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Regulation of clavam metabolite production in Streptomyces clavuligerus

  • Author / Creator
    Kwong, Thomas
  • Streptomyces clavuligerus is capable of producing various secondary metabolites including clavulanic acid. The biosynthetic pathway of clavulanic acid is partially shared with other structurally related 5S clavams. The first reaction involved in clavam biosynthesis is catalyzed by carboxyethylarginine synthase (CeaS), which is encoded by two paralogous genes, ceaS1 and ceaS2. However, ceaS2 mutant was severely compromised in clavam biosynthesis when grown in liquid medium. This mutation was shown to affect ceaS1 transcription, as reverse transcriptase-polymerase chain reaction (RT-PCR) and Western blot protein analyses showed that transcription of ceaS1, and CeaS1 production, were abolished in ceaS2 mutants. Interestingly, clavam biosynthesis was restored when ceaS2 mutants were grown on solid medium. Production of 5S clavams in S. clavuligerus is controlled by a pathway specific transcriptional regulator, C7P, and an unusual two-component system that is composed of a sensor kinase, Snk, and two response regulators, Res1 and Res2. Null mutations in snk or res2 completely abolished production of 5S clavams. In contrast, res1 mutants overproduce 2-hydroxymethylclavam and alanylclavam. Phosphorylation sites of each protein involved in this two-component system were identified by changing the conserved histidine residues of Snk (H-365) and the asparatate residues of Res1 (D-65) and Res2 (D-52) to alanine residues. These mutations prevented auto-phosphorylation of Snk and transfer of phosphate molecules from phosphorylated Snk to response regulators as shown by in vitro phosphorylation assays. The phosphorylation dynamics between Res1 and Res2 were also analyzed. Phospho-transfer assays suggested that Res1 is capable of transferring its phosphate molecule to Res2, and dephosphorylation assays showed that Res1 may possess phosphatase activity. The transcriptional regulator C7P is encoded by the c7p gene. RT-PCR analyses showed that transcription of cvm1 and cvm5, which encode essential biosynthetic enzymes involved in 5S clavam production, ceased in c7p mutants. In addition, c7p transcription was severely reduced in a snk or res2 mutant. Electrophoretic mobility shift assays showed that Res2 binds to the putative promoter region of c7p, and C7P binds to the intergenic region between cvm1 and cas1. This suggests that the two-component system controls transcription of c7p, and C7P promotes transcription of clavam genes through direct binding.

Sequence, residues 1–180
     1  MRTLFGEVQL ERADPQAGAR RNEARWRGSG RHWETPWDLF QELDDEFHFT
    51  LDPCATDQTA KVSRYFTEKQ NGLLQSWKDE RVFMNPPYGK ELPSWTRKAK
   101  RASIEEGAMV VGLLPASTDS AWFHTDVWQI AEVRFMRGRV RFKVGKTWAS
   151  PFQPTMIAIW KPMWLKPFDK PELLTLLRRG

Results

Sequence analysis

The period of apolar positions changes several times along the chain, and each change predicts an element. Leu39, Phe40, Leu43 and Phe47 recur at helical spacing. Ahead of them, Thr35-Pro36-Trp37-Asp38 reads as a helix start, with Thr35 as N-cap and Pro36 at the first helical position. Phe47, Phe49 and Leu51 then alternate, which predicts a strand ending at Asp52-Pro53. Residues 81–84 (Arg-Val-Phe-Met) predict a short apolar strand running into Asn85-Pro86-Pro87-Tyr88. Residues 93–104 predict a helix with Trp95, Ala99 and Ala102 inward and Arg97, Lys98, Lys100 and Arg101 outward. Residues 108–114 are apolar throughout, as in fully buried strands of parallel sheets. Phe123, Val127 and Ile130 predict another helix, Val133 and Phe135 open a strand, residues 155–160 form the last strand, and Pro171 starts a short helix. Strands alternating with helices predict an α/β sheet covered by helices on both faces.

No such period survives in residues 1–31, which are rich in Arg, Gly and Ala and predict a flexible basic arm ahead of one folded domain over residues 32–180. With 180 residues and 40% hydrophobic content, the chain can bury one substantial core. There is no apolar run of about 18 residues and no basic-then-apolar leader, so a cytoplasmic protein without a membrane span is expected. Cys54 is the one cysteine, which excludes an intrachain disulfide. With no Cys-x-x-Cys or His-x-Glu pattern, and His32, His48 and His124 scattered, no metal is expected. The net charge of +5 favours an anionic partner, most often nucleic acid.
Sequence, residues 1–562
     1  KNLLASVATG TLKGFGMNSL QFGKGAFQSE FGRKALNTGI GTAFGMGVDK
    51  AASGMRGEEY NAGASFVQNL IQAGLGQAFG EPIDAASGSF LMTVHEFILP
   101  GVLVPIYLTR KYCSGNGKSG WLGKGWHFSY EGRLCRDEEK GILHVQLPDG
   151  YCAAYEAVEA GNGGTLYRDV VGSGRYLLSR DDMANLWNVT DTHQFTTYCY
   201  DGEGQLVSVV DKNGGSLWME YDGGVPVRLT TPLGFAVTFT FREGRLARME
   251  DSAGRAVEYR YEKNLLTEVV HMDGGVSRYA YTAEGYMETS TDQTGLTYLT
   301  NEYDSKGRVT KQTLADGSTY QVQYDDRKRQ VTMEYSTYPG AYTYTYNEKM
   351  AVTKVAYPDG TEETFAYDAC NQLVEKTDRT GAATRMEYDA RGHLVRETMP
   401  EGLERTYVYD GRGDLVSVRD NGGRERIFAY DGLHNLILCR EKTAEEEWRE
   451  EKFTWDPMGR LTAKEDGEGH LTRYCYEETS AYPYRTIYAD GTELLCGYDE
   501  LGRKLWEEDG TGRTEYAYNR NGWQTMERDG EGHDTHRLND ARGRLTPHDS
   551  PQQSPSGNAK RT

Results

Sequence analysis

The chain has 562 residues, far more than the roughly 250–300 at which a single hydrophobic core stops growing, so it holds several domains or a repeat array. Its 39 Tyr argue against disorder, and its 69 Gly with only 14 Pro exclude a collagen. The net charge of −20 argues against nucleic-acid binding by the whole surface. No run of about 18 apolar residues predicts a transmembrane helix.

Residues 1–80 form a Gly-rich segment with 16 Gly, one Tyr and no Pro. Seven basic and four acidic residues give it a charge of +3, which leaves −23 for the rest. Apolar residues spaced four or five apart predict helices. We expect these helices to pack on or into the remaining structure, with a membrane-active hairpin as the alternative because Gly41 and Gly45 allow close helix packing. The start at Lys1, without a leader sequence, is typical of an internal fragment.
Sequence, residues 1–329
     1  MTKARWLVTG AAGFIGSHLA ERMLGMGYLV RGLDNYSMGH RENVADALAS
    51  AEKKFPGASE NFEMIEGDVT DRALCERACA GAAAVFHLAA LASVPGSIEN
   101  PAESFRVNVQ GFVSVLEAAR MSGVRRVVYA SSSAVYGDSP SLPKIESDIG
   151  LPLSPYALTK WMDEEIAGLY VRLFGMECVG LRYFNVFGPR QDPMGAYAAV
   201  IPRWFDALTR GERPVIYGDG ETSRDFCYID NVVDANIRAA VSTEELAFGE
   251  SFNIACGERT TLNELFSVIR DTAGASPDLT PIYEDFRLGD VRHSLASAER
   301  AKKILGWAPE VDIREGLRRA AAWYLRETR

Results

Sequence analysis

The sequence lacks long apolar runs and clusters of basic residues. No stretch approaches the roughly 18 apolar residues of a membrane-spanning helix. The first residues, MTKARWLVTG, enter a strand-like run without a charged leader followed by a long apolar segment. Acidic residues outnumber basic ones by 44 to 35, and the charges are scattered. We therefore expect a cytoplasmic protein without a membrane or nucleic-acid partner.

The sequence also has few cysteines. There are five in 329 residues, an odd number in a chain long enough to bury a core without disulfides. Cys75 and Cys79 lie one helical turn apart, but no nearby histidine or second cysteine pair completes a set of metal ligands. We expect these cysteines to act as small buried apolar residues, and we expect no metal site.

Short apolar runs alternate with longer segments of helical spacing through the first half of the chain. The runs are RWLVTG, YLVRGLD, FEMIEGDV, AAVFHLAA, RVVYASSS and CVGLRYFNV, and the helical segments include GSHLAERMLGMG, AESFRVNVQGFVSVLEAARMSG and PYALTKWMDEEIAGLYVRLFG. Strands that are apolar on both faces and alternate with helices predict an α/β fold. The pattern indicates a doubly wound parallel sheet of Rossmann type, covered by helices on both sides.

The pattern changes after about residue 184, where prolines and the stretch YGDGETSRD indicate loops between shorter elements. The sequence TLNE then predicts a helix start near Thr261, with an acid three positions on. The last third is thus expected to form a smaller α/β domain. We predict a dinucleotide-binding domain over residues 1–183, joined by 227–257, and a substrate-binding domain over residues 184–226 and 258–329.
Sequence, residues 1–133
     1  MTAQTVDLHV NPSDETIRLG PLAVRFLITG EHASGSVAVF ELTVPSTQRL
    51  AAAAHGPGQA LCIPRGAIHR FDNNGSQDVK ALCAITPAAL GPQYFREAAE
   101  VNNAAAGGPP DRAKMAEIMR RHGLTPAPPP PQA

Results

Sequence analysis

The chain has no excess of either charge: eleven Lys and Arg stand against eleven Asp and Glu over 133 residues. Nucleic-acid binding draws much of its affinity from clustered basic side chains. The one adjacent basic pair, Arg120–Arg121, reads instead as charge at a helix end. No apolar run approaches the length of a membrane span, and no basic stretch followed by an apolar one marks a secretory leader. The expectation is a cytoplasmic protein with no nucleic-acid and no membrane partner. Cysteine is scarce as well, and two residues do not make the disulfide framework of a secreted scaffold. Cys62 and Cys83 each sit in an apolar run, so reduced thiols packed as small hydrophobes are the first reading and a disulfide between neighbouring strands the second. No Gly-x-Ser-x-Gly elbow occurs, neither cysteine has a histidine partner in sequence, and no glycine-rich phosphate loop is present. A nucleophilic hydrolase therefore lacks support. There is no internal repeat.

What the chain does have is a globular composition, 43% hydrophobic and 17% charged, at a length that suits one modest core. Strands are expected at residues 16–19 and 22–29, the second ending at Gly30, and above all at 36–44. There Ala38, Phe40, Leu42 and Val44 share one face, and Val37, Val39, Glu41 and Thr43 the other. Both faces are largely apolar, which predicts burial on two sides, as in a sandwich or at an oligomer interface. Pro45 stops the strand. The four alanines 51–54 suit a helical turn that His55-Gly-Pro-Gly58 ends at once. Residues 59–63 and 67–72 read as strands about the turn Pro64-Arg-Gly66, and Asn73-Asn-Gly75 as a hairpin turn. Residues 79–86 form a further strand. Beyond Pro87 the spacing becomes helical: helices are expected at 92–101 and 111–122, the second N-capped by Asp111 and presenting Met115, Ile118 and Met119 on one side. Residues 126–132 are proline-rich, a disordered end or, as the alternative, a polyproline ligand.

• Subjects / Keywords
  • Graduation date
    2011-06
  • Type of Item
    Thesis
  • Degree
    Doctor of Philosophy
  • DOI
    https://doi.org/10.7939/R36P78
  • License
    This thesis is made available by the University of Alberta Libraries with permission of the copyright owner solely for non-commercial purposes. This thesis, or any portion thereof, may not otherwise be copied or reproduced without the written consent of the copyright owner, except to the extent permitted by Canadian copyright law.
  • Language
    English
  • Institution
    University of Alberta
  • Degree level
    Doctoral
  • Department
    • Department of Biological Sciences
  • Specialization
    • Microbiology and Biotechnology
  • Supervisor / co-supervisor and their department(s)
    • Jensen, Susan (Biological Sciences)
  • Examining committee members and their departments
    • Peppler, Mark (Medical Microbiology and Immunology)
    • Jensen, Susan (Biological Sciences)
    • Leskiw, Brenda (Biological Sciences)
    • Foght, Julia (Biological Sciences)
    • Beaulieu, Carole (Biology)